Applications
IIoT gateway
  1. Edge level. The most physical part of the factory where product-related activities are performed.
  2. Plant or factory level. Where plant and local activities are orchestrated and connected.
  3. Enterprise level. Where analysis of all levels of information happens, and information storage for visualization and analytics is provided.

Leveraging the three architecture tiers to drive performance

IBM offers a suite of enterprise asset management (EAM) solutions to help drive cost savings and operational efficiency across the factory value chain. The portfolio of EAM solutions from IBM analyzes a variety of information from workflows, context and the environment to drive quality and enhance operations and decision making. The portfolio of EAM solutions from IBM helps deliver a smart manufacturing transformation.

Production quality insights use IoT and cognitive capabilities to sense, communicate and self- diagnose issues to optimize each factory’s performance and reduce unnecessary downtime. Insights help reduce unplanned downtime.

IBM and Red Hat® can also be leveraged to deliver a hybrid multicloud platform for Industry 4.0. Together, IBM and Red Hat deliver a next-generation hybrid multicloud platform. By combining the power and flexibility of Red Hat open hybrid cloud technologies with the scale and depth of IBM innovation and industry expertise, any company engaged in an Industry 4.0 project can have access to the top tools and talent of both companies.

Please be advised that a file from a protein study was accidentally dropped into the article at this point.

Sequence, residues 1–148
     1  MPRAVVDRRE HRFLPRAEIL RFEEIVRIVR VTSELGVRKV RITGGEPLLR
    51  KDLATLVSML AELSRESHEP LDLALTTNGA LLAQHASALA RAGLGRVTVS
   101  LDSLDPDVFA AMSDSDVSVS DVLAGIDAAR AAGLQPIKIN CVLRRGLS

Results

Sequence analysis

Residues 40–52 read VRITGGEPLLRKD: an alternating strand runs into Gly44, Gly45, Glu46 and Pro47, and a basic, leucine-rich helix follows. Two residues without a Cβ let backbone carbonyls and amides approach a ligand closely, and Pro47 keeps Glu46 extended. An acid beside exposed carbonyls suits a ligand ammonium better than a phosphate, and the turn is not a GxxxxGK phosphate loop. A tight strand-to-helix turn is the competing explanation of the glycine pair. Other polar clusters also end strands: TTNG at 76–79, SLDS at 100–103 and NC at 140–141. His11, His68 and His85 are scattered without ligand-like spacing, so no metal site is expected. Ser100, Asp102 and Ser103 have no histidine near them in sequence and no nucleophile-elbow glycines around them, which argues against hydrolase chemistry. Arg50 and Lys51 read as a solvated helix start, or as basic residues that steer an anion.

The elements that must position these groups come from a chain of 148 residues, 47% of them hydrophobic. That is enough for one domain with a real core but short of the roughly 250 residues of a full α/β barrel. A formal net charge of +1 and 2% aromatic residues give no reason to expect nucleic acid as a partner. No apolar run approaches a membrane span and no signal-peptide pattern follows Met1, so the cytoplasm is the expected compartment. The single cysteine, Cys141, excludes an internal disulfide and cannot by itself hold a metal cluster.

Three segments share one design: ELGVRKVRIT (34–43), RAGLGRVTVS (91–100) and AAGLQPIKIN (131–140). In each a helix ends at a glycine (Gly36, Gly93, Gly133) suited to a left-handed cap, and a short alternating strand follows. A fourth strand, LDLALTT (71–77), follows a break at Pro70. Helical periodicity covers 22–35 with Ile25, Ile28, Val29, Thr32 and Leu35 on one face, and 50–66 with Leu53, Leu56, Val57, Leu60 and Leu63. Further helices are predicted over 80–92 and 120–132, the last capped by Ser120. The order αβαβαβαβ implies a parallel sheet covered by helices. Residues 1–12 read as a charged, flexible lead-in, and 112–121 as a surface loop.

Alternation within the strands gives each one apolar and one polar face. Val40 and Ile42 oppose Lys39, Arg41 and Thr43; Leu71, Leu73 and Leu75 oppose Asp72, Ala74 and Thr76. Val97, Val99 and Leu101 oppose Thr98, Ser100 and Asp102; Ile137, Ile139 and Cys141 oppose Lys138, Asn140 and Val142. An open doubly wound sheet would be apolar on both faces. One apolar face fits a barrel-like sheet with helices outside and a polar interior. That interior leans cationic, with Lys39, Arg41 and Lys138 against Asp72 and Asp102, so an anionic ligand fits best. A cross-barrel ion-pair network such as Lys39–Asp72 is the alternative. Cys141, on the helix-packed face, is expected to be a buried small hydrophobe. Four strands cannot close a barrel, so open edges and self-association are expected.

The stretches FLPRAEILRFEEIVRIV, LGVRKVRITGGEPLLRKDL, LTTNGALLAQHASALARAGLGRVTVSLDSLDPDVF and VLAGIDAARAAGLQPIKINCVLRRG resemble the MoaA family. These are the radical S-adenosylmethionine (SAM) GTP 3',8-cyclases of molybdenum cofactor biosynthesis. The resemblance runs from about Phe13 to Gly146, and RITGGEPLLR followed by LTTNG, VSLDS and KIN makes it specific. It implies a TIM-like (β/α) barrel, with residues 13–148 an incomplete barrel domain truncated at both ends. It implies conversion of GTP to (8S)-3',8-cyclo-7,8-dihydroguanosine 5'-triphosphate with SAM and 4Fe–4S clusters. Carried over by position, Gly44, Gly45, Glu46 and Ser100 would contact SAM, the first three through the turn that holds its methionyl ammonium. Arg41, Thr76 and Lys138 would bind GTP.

The four-step road map
1
Gather the data

Instrument your equipment/assets to collect data

Gather preexisting data

2
Visualize
the patterns

Visualize your data in meaningful dashboards

Start to see patterns

Build with Bluemix

3
Advance to
analytics &
digitalization

Gain insights from the data, produce models, predict recommendations

Streamline business processes

4
Infuse with
cognitive

Refine models with
cognitive machine
learning

Use other cognitive
functions to improve
engagement

In the white paper, you can read the full stories of how those we work with are succeeding in smart manufacturing:

Case Study 1: Implementing edge-level solutions to harness machine learning in automotive assembly

Case Study 2: Using the factory-level solution from IBM to manage assembly and detect deviations across several plants

Case Study 3: Implementing an enterprise-level solution from IBM to increase overall equipment effectiveness (OEE) in several manufacturing plants

How to deploy Industry 4.0 in your organization

Adding smart manufacturing solutions from IBM makes your manufacturing ecosystem flexible, fast and resilient. The IBM Industry 4.0 strategy brings value by collecting more data to optimize performance and improve agility in both short and long production runs.

Conclusion

For more information on how to digitally transform your factory and protect your cyber assets, please download the IBM white paper “IBM Industry 4.0 & Cognitive Manufacturing: Architecture Patterns, Use Cases & IBM Solutions” by Serge Bonnaud, Christophe Didier and Arndt Kohler.